Financier Desmond’s Vision for Ireland Far-Reaching : Sees His Country as the Jumping-Off Point to Unified Europe for Businesses in 1990s
Some countries are blessed with oil, iron ore or even diamonds. But Ireland’s natural resources are its people and its educational system, says Dermot Desmond.
All right, the acknowledged Wunderkind of Irish finance will concede when pressed, that maybe its blarney should be mentioned, too.
But if blarney used to symbolize a sort of quiet, disarming native charm, the hyperactive, 38-year-old Desmond represents a new, concentrated brand for the hard-sell, fast-paced Europe of the 1990s.
Pointing to the unified European market planned for 1992, Desmond, the executive chairman of Dublin’s NCB Group Ltd., said: “We see a number of non-European companies that will want to market their financial services on the continent. Ireland should be the bridgehead for these companies.”
It was Desmond who first promoted the idea of transforming the seedy docklands section of Dublin into a new, international financial services center scheduled to open this fall. The 65 tenants already signed up include Irish and a range of foreign firms--from America’s Citicorp and Chase Manhattan Bank to Japan’s Daiwa Bank and West Germany’s Dresdener Bank.
Desmond’s influence extends well beyond that project, however: A few weeks ago, he became chairman of the newly created Irish Futures and Options Exchange.
While claiming no interest in politics himself, he has also been a key economic adviser to Irish Prime Minister Charles Haughey and his Fianna Fail (Soldiers of Destiny) political party during the country’s remarkable economic resurgence of the past two years.
In concert with two other center-right parties, Haughey has slashed government spending, cut foreign debt and brought a seemingly chronic double-digit inflation rate down to 3%.
“Desmond is credited with converting the Fianna Fail leadership, and Charlie Haughey specifically, after the (1987) election into taking this tougher economic line,” noted Terence J. Baker, senior research officer at Dublin’s Economic and Social Research Institute.
“He’s somebody who has the ear of the Taoiseach (prime minister). There’s no doubt about that,” confirmed a government official who spoke on condition of anonymity. And an Irish journalist said Desmond can occasionally be seen slipping into Haughey’s office around noon for a brown-bag lunch.
Interviewed in the offices of his stock brokerage and corporate finance firm in Dublin, Desmond would say of his relationship with Haughey only that “I’d be an admirer of him--of his national commitment. . . . We can have a kind of non-presidential communication.”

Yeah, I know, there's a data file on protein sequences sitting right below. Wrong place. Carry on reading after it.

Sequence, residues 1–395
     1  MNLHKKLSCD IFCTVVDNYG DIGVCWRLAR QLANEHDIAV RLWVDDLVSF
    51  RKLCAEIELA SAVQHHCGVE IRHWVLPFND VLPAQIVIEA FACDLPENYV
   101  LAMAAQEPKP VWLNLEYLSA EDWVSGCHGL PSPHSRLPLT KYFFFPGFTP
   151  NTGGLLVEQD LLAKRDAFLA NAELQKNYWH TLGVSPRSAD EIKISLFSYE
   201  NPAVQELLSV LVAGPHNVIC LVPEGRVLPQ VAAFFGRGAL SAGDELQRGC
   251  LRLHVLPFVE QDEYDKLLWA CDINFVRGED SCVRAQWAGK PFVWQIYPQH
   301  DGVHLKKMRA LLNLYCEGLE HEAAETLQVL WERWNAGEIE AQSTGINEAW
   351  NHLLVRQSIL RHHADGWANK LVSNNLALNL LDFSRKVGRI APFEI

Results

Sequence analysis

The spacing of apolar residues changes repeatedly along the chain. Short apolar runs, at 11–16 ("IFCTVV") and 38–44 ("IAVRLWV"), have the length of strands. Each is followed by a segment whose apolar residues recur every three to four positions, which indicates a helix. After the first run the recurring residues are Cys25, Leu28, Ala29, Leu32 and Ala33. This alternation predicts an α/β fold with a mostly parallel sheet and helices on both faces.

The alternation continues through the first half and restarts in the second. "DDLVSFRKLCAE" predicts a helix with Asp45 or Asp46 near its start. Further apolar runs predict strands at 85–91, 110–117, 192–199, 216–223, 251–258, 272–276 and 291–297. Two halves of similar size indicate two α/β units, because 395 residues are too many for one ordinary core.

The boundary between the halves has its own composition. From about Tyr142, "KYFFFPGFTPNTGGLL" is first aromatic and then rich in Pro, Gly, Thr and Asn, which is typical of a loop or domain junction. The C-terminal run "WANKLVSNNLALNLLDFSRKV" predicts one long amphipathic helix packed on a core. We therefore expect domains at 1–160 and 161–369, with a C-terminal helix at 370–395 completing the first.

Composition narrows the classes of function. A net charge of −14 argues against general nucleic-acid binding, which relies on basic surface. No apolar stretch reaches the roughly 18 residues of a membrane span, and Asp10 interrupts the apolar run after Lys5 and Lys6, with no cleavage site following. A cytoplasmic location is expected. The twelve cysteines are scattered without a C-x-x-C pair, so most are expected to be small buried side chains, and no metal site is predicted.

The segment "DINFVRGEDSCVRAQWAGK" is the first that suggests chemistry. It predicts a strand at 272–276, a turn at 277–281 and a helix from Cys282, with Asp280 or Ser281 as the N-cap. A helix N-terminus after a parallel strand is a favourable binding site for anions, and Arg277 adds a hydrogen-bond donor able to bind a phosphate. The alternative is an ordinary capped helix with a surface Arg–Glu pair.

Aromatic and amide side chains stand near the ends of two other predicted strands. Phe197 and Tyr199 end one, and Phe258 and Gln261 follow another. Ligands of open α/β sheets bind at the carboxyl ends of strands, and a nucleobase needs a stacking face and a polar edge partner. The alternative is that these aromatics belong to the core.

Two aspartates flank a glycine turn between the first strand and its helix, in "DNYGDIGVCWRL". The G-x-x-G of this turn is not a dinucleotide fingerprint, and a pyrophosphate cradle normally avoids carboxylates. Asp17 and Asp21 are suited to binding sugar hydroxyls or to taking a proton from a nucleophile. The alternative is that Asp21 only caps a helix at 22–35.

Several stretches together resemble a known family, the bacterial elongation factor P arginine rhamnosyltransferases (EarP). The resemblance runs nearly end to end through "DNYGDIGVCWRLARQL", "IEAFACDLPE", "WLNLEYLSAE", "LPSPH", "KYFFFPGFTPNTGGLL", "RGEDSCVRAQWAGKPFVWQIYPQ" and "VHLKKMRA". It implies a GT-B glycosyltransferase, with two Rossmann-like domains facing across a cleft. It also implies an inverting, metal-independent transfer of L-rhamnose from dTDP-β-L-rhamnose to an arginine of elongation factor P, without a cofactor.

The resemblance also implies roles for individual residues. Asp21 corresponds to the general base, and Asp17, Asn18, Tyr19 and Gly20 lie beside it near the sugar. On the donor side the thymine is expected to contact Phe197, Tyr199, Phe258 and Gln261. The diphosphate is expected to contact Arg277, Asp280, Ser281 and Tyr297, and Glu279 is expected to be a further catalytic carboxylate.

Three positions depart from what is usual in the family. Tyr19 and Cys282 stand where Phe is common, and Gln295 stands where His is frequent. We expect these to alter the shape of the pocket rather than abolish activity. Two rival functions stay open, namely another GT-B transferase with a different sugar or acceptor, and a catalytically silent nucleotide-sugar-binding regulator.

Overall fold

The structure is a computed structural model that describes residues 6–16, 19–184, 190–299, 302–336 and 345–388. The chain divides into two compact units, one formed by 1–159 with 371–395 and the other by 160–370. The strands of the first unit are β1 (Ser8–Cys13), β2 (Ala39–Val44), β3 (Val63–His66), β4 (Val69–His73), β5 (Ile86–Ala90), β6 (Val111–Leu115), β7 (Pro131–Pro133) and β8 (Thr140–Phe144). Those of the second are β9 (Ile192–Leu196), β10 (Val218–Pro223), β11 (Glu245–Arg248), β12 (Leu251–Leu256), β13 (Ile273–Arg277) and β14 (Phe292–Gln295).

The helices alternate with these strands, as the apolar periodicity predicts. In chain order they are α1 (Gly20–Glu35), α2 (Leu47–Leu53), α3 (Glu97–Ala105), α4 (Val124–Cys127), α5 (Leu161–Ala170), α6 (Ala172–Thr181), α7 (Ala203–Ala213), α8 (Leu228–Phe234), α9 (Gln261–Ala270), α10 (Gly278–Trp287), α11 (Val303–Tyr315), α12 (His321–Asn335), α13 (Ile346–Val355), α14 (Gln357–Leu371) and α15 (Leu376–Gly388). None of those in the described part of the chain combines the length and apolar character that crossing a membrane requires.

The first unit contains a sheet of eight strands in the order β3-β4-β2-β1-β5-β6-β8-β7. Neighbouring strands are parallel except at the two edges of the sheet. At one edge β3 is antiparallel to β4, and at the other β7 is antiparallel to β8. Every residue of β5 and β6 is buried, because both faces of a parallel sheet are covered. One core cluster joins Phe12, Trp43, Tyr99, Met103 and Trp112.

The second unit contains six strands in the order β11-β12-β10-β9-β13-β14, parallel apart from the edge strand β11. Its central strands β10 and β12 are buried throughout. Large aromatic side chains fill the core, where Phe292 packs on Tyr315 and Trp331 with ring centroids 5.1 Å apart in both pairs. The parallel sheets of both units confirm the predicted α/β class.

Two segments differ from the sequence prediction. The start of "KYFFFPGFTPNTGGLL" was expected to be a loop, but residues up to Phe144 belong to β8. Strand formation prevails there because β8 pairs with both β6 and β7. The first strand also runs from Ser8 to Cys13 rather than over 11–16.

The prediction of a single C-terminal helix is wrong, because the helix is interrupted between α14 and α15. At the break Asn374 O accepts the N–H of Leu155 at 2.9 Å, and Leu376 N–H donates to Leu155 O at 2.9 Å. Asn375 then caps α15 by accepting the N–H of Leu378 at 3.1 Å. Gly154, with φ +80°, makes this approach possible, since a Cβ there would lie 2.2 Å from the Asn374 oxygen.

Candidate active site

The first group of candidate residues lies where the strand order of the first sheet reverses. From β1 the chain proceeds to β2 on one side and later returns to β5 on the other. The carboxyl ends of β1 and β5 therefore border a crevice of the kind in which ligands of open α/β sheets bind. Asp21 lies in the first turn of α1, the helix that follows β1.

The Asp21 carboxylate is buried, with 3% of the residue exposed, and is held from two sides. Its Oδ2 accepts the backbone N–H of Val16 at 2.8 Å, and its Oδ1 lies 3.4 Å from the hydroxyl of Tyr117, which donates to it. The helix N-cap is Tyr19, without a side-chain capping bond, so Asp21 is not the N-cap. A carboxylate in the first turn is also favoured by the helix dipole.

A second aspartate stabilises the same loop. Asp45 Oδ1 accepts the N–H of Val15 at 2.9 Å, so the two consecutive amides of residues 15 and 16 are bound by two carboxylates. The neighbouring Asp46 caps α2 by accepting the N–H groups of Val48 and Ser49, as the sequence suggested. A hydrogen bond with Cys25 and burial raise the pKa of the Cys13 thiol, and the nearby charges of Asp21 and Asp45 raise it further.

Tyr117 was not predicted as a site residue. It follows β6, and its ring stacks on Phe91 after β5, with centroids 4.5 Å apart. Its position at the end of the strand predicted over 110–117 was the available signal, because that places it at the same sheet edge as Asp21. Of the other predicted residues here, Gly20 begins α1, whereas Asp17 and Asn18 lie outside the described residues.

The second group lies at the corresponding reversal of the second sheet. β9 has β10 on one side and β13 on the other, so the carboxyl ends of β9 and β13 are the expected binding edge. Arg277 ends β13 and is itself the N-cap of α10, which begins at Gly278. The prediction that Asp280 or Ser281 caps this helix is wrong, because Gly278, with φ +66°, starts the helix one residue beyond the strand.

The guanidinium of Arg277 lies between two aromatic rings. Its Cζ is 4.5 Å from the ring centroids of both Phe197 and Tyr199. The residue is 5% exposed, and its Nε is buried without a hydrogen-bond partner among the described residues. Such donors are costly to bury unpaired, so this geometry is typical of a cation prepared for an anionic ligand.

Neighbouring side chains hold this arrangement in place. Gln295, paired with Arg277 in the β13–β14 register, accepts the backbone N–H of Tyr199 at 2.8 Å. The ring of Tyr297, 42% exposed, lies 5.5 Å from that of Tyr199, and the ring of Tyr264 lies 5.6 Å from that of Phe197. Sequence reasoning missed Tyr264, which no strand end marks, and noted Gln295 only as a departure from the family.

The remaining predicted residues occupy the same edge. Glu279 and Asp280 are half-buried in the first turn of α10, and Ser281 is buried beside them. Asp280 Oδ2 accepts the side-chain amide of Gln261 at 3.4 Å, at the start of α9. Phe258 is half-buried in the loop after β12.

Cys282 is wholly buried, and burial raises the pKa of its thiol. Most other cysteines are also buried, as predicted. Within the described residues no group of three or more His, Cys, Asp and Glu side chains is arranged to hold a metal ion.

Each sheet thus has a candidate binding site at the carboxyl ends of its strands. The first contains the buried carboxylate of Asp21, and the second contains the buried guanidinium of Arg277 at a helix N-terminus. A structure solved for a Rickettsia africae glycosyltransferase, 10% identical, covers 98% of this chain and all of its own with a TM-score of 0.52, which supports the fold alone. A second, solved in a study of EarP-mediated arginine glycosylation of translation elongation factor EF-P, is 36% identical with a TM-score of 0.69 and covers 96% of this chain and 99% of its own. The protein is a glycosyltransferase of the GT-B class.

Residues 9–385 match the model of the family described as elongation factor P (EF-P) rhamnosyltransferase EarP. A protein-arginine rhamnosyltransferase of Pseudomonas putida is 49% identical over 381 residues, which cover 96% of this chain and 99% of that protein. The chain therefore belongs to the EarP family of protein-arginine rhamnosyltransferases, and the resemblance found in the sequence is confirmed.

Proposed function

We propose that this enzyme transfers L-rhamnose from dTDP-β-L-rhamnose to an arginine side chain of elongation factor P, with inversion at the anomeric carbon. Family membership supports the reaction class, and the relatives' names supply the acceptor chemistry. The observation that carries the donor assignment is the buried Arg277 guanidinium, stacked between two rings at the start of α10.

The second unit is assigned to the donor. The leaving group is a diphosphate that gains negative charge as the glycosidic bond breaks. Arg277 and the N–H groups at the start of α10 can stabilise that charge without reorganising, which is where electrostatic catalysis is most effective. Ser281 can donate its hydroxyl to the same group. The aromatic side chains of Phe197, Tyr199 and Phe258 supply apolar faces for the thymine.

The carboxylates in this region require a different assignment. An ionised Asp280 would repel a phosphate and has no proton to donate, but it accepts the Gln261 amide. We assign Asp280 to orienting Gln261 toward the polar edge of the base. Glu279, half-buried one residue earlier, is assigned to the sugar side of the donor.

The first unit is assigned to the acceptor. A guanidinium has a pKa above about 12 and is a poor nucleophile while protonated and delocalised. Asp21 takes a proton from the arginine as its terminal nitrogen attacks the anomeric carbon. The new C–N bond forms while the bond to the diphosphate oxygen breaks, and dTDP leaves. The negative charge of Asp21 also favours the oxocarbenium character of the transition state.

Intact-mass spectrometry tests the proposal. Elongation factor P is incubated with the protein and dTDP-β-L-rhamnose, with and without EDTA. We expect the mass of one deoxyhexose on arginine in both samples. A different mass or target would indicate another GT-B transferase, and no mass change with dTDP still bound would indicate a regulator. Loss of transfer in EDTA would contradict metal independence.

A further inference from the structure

A smoker and fidgeter, Desmond has the appearance of a man in a hurry. When he was not talking during a recent interview, his foot bounced in time with some incessant inner tempo. Admirers describe him as “bright,” “lively,” even “charismatic.” Critics call him a self-promoter.
He founded National City Brokers as a foreign exchange and currency deposit agency in 1981 after several years of working first for Citibank in Dublin, then as a World Bank adviser to the government of Afghanistan in Kabul.
In 1984, his firm bought a small Dublin stock brokerage and became the NCB Group. The closely held company has since grown into one of the country’s largest stock, bond and corporate finance firms.
Married and the father of four, Desmond is acutely aware of the continuing emigration of Irish youth in search of the economic opportunities that this country has never seemed able to provide. His dream, he said, is “to see kids grow up in a country they’re proud of and which has opportunities for them to work in.”
The Europe of 1992 offers Ireland a unique chance, Desmond believes. With trading barriers scheduled to come down, the incentive is for firms to centralize their European operations, and Ireland has specific attractions for financial services companies, he said.
Desmond ticked off Dublin’s selling points: It is located within the same advantageous time zone as London, permitting communication with all the world’s major financial centers during waking hours. English is the language of finance, and Ireland’s highly regarded educational system is the source of a potentially superior work force.
Ireland has a new and efficient telecommunications system and, to sweeten the deal, the government has instituted what is reputed to be the most generous collection of tax breaks for foreign investors offered by any European Economic Community member.
On top of everything else, Desmond said, Dublin offers what some would consider a superior, less costly and certainly less congested life style than alternatives such as London.
With the first building in the new International Financial Services Center due to open in September, Desmond said there are as many more firms applying for licenses as have already signed up. The plan now calls for 500,000 square feet of space in the center, compared to the original 300,000, he added.
And if you think that’s blarney, Desmond said, you’re wrong. “All the blarney in the world won’t convince any of these financial firms to come in,” he explained. “The blarney we use is reinforcing the truth.”